Mesa Verde National Park is an American national park and UNESCO World Heritage Site located in Montezuma County, Colorado. The park protects some of the best-preserved Ancestral Puebloan archaeological sites in the United States.

Established by Congress and President Theodore Roosevelt in 1906, the park occupies 52,485 acres (21,240 ha) near the Four Corners region of the American Southwest. With more than 5,000 sites, including 600 cliff dwellings, it is the largest archaeological preserve in the United States. Mesa Verde (Spanish for "green table") is best known for structures such as Cliff Palace, thought to be the largest cliff dwelling in North America.

Starting c. 7500 BCE Mesa Verde was seasonally inhabited by a group of nomadic Paleo-Indians known as the Foothills Mountain Complex. The variety of projectile points found in the region indicates they were influenced by surrounding areas, including the Great Basin, the San Juan Basin, and the Rio Grande Valley. Later, Archaic people established semi-permanent rockshelters in and around the mesa. By 1000 BCE, the Basketmaker culture emerged from the local Archaic population, and by 750 CE the Ancestral Puebloans had developed from the Basketmaker culture.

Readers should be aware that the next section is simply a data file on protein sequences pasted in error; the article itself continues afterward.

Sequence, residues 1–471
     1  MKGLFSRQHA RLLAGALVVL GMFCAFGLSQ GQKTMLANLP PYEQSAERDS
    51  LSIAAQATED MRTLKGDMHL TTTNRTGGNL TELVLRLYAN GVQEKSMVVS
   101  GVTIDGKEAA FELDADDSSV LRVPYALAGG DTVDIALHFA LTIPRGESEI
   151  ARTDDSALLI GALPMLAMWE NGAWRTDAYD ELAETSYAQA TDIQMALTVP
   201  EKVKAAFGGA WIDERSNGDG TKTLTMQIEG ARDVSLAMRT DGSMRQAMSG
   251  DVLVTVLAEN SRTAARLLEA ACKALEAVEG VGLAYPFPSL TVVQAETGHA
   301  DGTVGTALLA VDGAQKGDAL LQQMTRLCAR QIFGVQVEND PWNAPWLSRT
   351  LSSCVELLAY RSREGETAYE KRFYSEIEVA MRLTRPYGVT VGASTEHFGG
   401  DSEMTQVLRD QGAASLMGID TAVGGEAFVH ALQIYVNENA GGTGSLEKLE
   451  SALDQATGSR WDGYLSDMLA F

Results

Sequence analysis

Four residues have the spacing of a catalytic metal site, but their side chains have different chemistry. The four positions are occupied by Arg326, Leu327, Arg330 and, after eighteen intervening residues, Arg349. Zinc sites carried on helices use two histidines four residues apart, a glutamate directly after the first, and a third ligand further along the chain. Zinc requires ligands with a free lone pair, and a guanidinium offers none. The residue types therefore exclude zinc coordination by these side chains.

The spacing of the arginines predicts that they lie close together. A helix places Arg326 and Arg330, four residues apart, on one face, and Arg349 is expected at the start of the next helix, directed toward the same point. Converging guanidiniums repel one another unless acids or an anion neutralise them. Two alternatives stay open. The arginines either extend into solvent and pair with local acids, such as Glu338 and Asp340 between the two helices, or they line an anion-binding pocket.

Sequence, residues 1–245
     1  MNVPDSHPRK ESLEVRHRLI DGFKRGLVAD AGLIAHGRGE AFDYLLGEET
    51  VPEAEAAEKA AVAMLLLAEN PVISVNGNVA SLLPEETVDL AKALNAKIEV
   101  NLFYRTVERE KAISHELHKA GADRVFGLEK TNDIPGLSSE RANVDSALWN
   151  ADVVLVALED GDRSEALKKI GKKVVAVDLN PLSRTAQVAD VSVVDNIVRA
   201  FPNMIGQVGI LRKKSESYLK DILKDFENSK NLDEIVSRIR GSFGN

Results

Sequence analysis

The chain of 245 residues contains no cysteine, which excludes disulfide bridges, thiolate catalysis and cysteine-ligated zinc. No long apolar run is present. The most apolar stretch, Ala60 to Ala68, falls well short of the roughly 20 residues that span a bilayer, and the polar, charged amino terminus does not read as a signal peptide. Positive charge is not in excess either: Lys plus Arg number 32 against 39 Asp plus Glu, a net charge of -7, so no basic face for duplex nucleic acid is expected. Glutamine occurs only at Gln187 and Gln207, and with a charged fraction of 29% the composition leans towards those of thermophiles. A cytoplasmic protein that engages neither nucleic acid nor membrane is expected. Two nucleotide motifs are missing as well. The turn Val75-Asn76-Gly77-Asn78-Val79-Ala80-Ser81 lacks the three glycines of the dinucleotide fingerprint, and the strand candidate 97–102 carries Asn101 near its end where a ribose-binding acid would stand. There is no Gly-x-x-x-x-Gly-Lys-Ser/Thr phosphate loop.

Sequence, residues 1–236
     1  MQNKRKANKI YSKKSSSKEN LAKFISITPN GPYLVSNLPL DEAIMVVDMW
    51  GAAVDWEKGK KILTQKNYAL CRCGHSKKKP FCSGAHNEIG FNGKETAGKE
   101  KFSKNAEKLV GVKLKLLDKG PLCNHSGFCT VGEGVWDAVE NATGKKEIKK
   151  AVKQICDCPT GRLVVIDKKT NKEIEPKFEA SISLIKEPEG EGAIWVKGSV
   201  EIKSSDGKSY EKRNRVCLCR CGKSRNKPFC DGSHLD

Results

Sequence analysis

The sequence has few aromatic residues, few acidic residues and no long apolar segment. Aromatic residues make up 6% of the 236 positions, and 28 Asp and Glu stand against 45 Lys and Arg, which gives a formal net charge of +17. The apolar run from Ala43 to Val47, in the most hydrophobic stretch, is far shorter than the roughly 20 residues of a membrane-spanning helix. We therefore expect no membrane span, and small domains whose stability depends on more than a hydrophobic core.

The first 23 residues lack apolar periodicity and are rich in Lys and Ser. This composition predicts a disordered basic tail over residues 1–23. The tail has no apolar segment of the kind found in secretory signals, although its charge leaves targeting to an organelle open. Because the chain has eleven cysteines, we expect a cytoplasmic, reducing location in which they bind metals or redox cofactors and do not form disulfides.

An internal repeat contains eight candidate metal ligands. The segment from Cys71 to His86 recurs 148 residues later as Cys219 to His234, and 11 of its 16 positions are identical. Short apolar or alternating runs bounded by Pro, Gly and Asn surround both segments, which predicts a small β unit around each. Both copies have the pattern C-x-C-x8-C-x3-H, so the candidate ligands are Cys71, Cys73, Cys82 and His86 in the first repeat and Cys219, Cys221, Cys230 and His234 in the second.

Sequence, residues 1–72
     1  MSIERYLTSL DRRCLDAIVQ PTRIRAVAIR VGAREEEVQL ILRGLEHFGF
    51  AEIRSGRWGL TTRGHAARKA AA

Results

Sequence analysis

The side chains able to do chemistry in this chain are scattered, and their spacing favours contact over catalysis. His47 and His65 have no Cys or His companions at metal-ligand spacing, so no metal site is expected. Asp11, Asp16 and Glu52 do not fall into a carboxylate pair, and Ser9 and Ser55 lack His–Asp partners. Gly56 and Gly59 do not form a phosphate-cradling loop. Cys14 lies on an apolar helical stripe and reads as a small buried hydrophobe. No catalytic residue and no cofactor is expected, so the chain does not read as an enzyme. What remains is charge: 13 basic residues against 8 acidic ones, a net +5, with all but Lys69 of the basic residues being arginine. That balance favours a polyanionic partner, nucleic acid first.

The Mesa Verdeans survived using a combination of hunting, gathering, and subsistence farming of crops such as corn, beans, and squash. They built the mesa's first pueblos sometime after 650, and by the end of the 12th century, they began to construct the massive cliff dwellings for which the park is best known. By 1285, following a period of social and environmental instability driven by a series of severe and prolonged droughts, they abandoned the area and moved south to locations in Arizona and New Mexico, including Rio Chama, Pajarito Plateau, and Santa Fe.